Lessons in Attention from Home Depot’s Giant Skeleton
In 2020, in the middle of the strictest COVID-19 lockdowns, Home Depot unveiled a particularly unusual new product: a Halloween lawn ornament in the form of a 12-foot-tall skeleton with glowing eyes. While the product had been in development since pre-COVID, its irreverence and absurdity made it a runaway hit in an otherwise serious and stressful year. Three years later, the product fans have nicknamed “Skelly” continues to sell out.
Since its debut, “Skelly” – and Home Depot’s broader portfolio of outlandish Halloween decorations – have fascinated the marketing world. What does a brand best known for a practical selection of home and garden fixtures gain by selling a skeleton so enormous that it can peek into second-story windows?
The answer: The giant skeleton gets the right kind of hard-to-capture attention, and Home Depot backs that attention up with a savvy strategy to keep it while respecting consumers’ time. And marketers can learn from this success, whether it’s “spooky season” or not. Here are a few of the key lessons.
Don’t exploit consumers’ attention with overexposure.
One key tactic that Home Depot has maintained for the four years since it debuted the 12-foot-tall skeleton is that it doesn’t manufacture – or sell – very many of them. The company has intentionally kept quantities limited, even when it likely knows it could sell far more. As a result, “Skelly” still sells out in minutes whenever its inventory is refreshed, including when it’s nowhere near October, and even with buyers’ purchases limited to just one skeleton.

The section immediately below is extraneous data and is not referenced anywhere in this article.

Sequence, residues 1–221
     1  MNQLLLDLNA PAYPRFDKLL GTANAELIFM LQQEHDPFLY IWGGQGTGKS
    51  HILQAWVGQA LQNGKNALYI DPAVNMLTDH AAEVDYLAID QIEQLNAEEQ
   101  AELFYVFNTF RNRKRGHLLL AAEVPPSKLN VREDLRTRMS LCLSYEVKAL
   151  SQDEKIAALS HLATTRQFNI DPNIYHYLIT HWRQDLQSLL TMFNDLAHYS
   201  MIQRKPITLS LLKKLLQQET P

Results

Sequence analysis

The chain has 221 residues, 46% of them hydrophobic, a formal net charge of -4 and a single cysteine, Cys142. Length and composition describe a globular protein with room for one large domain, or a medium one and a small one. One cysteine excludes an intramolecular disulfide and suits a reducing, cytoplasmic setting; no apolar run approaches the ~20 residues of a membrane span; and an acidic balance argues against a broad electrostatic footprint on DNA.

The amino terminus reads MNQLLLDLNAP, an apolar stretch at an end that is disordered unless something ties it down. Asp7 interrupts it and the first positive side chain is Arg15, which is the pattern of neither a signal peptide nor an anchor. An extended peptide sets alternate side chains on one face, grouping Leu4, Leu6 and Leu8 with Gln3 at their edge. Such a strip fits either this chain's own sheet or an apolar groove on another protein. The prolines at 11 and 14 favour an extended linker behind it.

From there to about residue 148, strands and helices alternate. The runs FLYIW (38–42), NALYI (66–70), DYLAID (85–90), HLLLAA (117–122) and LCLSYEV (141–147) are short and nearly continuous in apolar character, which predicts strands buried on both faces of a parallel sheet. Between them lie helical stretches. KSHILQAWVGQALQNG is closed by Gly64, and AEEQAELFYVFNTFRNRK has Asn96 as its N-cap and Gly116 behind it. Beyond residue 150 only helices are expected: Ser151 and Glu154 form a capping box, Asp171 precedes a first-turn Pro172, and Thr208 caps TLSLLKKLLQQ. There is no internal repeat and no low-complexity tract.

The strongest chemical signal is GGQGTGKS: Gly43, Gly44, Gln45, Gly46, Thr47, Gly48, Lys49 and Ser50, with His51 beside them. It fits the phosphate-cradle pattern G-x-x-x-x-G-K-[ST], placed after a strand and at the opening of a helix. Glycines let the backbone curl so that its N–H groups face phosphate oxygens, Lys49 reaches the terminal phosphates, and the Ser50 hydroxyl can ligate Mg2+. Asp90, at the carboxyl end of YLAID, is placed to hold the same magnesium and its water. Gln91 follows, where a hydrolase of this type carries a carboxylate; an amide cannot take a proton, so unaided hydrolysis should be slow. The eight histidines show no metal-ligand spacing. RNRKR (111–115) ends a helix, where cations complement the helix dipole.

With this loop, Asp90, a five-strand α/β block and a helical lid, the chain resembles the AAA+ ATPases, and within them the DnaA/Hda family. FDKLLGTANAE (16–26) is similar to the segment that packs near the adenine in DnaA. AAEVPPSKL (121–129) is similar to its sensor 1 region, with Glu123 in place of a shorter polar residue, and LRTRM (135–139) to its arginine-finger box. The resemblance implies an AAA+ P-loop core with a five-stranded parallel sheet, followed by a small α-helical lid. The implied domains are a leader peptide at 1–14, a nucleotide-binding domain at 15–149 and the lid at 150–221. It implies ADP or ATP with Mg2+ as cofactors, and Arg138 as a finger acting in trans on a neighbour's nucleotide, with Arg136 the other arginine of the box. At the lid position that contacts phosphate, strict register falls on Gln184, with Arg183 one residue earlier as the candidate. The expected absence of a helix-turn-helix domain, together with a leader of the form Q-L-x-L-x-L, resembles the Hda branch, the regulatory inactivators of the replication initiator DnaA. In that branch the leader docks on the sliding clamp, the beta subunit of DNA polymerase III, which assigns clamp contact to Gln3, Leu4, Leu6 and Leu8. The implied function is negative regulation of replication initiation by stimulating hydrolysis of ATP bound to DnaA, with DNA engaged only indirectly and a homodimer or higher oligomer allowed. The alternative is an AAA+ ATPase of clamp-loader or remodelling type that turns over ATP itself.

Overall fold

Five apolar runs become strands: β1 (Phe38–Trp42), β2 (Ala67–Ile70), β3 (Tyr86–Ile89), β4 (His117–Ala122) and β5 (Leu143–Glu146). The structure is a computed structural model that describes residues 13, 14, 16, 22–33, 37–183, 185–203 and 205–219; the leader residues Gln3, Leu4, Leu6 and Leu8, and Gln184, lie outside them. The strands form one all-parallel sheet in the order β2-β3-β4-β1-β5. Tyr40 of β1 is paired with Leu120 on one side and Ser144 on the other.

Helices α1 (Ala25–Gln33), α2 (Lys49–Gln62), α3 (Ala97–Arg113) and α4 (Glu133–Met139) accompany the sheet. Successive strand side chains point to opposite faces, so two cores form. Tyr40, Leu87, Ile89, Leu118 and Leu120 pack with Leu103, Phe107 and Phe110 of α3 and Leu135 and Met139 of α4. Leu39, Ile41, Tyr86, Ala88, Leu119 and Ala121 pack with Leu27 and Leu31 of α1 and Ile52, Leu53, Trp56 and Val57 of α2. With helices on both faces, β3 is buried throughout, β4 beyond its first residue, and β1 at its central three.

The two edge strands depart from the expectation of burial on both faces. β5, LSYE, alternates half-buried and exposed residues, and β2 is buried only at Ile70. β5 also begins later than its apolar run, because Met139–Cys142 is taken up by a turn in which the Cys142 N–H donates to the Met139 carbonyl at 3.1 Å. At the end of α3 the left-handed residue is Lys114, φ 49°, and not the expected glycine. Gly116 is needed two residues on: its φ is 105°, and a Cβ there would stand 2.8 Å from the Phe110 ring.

There’s an important lesson here when it comes to human attention. Imagine if, when you drove to work in the month of October, every third house on the drive had a 12-foot-tall skeleton on its lawn. You’d probably find that irritating, and likely quite disruptive to your attention. It might even give you a negative brand perception of the company responsible for selling so many skeletons. Instead, with “Skelly” sales kept scarce, seeing one in a neighbor’s lawn or along your work commute is a fun, attention-grabbing novelty.